Controversial prize winner highlights a big problem with AI art

A piece of AI art with the extravagant title Théâtre D’opéra Spatial became notorious a year ago after it won a fine art competition. And now it’s in the headlines again for a different reason. The epic sc-fi fantasy scene may have won a prize, but it’s creator has a problem: he can’t copyright it.

The artwork was created using Midjourney, a platform that features in our pick of the best AI art generators. The judges apparently didn’t realise that when they named it the winner of the digital art category at the Colorado State Fair, but the US Copyright Office isn’t so easily fooled.

A piece of art created by an AI art generator that won the Colorado State Fair art competition

Allen’s prize-winning AI art (Image credit: Jason Allen via Midjourney)

Artists were appalled when Théâtre D’opéra Spatial won its prize last year. Matthew Allen, who generated and submitted the piece, had written “via Midjourney” on his entry, but judges appeared either not to have seen or not to have understood the reference to a text-to-image generator that, back then, had only been around for a couple of months.

The scene was fairly typical of the kind of pieces being produced using the Discord-based model at the time. Midjourney has advanced hugely since then, but 12 months ago, its output tended to have a quite distinctive style. Allen claimed to have spent weeks generating images to get the one he wanted before editing it in Photoshop and upscaling it using AI Gigapixel to be able to put it on canvas. Artists weren’t convinced, but the judges stuck to their decision, welcoming the “great conversation” that it provoked.

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Since then, Allen has tried to copyright his prize-winning work. But this week, the US Copyright Office issued its third, final decision on the matter. It’s view is that human authorship is a necessary prerequisite for copyright. And it’s a decision that could impact on the popularity of AI art generators.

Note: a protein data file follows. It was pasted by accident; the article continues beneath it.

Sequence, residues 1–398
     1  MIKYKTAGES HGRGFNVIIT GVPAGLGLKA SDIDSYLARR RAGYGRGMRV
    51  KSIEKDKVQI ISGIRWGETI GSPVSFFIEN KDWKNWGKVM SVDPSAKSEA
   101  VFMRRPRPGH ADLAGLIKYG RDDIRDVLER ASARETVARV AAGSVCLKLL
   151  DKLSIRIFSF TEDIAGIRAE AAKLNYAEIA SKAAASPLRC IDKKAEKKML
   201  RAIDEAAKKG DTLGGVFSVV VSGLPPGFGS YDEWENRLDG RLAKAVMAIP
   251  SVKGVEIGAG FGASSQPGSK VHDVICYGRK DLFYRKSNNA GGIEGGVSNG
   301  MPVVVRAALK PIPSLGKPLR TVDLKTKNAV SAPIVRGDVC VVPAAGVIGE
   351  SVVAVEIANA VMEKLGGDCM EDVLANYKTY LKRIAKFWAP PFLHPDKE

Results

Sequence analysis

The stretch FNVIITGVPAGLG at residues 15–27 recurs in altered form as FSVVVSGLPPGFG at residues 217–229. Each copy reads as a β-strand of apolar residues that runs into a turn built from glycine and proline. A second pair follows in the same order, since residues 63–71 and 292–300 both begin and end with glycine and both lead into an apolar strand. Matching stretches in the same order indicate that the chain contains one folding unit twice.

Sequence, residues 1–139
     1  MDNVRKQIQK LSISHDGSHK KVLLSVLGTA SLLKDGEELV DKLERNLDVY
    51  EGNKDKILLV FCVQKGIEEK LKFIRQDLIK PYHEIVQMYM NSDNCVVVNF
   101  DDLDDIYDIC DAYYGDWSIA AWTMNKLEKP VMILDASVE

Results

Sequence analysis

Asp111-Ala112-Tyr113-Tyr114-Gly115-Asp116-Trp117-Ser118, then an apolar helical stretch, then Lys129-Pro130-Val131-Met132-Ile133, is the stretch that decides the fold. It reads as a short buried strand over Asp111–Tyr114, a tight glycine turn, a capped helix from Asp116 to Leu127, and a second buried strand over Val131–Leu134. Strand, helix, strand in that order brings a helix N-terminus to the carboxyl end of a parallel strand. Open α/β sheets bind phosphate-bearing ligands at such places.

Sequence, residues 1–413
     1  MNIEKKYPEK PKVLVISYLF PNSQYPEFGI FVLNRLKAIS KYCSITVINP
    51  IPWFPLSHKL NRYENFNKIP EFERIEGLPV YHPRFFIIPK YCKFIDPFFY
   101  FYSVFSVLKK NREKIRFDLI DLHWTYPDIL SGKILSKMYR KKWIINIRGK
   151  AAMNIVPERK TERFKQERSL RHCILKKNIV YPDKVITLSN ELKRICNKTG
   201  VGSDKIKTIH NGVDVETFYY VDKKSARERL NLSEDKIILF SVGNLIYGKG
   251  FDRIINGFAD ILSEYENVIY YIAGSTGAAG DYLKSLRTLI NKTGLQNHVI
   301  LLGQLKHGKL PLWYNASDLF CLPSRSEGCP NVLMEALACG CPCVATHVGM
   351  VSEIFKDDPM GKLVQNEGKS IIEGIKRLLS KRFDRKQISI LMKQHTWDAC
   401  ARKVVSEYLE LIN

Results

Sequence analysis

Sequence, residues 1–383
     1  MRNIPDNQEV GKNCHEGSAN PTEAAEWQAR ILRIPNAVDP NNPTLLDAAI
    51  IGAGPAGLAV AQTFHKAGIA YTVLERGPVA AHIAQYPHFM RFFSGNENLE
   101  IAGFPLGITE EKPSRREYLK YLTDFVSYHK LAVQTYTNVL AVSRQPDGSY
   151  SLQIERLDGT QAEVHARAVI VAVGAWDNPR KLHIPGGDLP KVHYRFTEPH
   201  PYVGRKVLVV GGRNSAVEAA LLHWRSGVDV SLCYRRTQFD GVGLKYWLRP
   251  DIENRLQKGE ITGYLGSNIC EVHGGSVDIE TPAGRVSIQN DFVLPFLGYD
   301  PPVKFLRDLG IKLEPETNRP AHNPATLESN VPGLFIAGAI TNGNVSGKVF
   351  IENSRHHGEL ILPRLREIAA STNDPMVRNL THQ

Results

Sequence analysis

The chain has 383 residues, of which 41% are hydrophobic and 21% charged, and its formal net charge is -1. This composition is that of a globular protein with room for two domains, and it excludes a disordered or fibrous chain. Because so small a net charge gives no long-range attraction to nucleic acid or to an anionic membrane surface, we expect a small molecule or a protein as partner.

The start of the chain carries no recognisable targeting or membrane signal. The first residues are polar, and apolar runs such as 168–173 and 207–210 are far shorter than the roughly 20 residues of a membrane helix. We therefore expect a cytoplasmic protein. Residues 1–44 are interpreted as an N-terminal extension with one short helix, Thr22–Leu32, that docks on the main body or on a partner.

In his appeal, Allen had argued that an “essential element of human creativity” was needed to use Midjourney and that he had input “at least 624” text prompts before the image generator produced what he was looking for. He also argued that his work should be registered under fair doctrine because it was a transformative use of copyrighted material. “The underlying AI generated work merely constitutes raw material which Mr. Allen has transformed through his artistic contributions,” his appeal claimed.

An AI art image of a train track entering a leafy tunnel

Last month, a US District Court Judge rejected Stephen Thaler’s appeal against the US Copyright Office’s refusal to grant copyright this AI-generated image (Image credit: Stephen Thaler)

But the office said that Allen’s contributions would only allow him to copyright the specific parts of the work that he edited in Photoshop; not the whole image. The decision raises questions. Artists using AI may be included to start making more significant edits to AI-generated images to try to sufficient human authorship to gain copyright, but it’s not been defined how many tweaks would be needed.

Allen has vowed to take the matter all the way to the Supreme Court. A lower court recently agreed with the Copyright Office in the case of another AI art copyright application, but it seems increasingly likely that the Supreme Court will have to decide on the matter for good. If you’re not put off using AI image generators in the meantime, see our round up of the best AI art tutorials out there.

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